Dinwiddie farmer uses social media to educate consumers

computer-worldColey Jones Drinkwater makes posting on social media a part of her daily routine—just like milking cows. The Dinwiddie County dairy farmer posts agriculture facts, photos and videos to her Facebook page “Dinwiddie Farmer” (Facebook.com/DinwiddieFarmer) to educate consumers about agriculture.

“I feel like, for my generation, promoting agriculture has to be part of my job. It’s just something we have to do,” Drinkwater said. “We need to make it a part of our day and stick with it.”

She targets people who are unfamiliar with farming with her posts, and she has tackled topics like modern agriculture practices, feeding a growing population and food waste.

“At Farm Bureau meetings I kept hearing, ‘Tell your story, tell your story.’ I decided that, for me, Facebook was a way to tell my story and put a face on farming,” Drinkwater said. “I don’t get off the farm much, so I don’t come into contact with a lot of consumers. Social media, for me, is a way I can tell my story and reach 500 to 600 people without leaving the farm.”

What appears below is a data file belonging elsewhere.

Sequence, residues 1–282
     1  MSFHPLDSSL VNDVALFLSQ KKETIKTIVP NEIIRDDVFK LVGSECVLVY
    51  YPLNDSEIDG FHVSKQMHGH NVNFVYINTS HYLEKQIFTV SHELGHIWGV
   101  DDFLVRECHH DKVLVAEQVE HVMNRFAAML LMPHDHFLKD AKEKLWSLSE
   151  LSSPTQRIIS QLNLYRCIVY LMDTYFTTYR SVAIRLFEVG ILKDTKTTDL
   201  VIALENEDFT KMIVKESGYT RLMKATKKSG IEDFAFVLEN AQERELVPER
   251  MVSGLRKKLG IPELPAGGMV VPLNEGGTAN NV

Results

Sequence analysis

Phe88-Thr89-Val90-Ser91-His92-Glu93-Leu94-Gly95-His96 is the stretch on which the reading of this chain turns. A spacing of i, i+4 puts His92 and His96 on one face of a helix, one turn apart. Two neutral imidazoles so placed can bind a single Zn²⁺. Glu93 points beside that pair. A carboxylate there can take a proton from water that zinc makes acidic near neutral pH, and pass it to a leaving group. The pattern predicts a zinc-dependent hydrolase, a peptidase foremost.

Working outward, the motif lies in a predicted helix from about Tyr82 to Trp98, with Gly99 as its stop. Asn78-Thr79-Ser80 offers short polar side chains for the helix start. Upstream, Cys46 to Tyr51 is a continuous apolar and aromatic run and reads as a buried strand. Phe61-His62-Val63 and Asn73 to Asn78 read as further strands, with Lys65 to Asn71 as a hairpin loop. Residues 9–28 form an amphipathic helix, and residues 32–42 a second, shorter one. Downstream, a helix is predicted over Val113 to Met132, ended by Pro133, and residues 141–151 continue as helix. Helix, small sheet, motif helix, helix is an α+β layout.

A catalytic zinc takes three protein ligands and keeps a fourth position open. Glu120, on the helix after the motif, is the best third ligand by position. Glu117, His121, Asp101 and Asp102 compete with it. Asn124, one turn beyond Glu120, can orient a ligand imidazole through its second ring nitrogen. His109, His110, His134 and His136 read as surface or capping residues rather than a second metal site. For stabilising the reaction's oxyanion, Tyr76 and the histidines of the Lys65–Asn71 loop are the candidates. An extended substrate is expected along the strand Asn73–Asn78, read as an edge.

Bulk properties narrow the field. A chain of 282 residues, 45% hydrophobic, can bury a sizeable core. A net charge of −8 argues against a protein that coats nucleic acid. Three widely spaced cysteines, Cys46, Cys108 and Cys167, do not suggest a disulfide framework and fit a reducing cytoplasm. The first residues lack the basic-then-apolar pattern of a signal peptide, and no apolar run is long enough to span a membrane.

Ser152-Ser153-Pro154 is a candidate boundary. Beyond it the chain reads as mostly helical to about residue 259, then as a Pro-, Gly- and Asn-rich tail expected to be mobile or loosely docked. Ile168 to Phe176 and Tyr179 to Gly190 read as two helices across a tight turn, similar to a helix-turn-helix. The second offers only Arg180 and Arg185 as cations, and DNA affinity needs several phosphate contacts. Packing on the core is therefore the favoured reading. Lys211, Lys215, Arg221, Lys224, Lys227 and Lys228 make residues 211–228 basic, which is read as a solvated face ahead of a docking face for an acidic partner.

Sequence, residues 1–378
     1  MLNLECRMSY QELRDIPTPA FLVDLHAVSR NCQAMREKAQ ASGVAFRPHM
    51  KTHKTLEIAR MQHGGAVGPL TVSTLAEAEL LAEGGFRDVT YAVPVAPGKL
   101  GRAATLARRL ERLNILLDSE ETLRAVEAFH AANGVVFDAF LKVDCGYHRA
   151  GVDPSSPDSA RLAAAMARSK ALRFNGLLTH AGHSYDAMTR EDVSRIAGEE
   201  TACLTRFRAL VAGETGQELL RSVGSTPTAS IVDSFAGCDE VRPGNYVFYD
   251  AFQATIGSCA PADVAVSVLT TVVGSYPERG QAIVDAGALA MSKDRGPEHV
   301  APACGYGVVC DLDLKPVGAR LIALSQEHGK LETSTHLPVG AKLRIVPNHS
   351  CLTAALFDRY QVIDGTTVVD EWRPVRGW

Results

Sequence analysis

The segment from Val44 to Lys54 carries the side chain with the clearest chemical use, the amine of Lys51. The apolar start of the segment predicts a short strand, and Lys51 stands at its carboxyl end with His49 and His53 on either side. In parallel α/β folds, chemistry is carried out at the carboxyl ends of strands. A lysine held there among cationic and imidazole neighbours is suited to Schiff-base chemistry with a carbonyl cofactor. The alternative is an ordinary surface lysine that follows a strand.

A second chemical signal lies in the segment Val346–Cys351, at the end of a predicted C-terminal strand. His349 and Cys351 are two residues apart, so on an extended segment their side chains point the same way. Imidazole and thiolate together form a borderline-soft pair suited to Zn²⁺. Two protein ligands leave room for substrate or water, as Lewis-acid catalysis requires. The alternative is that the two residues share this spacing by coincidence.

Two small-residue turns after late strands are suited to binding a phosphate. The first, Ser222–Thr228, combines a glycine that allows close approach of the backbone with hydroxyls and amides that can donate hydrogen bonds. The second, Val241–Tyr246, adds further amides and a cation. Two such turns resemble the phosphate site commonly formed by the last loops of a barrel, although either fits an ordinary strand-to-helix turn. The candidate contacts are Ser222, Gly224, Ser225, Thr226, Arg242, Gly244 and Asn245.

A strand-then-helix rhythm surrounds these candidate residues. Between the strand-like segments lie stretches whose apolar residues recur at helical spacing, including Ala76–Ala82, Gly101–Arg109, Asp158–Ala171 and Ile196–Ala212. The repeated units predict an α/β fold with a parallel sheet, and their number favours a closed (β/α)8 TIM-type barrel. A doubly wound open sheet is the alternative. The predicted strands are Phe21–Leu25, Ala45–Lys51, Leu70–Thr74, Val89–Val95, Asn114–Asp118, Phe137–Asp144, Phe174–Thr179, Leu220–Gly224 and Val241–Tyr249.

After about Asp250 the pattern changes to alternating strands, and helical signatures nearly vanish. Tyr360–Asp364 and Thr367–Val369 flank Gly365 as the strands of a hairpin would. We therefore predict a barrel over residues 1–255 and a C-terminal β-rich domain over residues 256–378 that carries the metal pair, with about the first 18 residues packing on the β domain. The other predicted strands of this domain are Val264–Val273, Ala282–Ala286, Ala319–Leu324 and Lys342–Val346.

Using her smartphone, Drinkwater takes photos and videos around her farm and her neighbor’s grain farm and shares them on Facebook. She also operates a Facebook page for her family’s Richlands Dairy Farm. That page is used mostly to promote the farm’s pumpkin patch and corn maze.

“For me, videos seem to work the best. I can show people the farm and find I typically get more responses,” Drinkwater said. Her following started small, with mostly family and friends sharing her posts, but it slowly grew.

“It’s easy to go through Facebook and get discouraged,” she said. “There are days I check my posts and see that I didn’t get any ‘likes’ or ‘shares.’ But then I hear from people in person that tell me they love what I posted, so more people are seeing and following than I think. Social media has more of an impact than I realize.”

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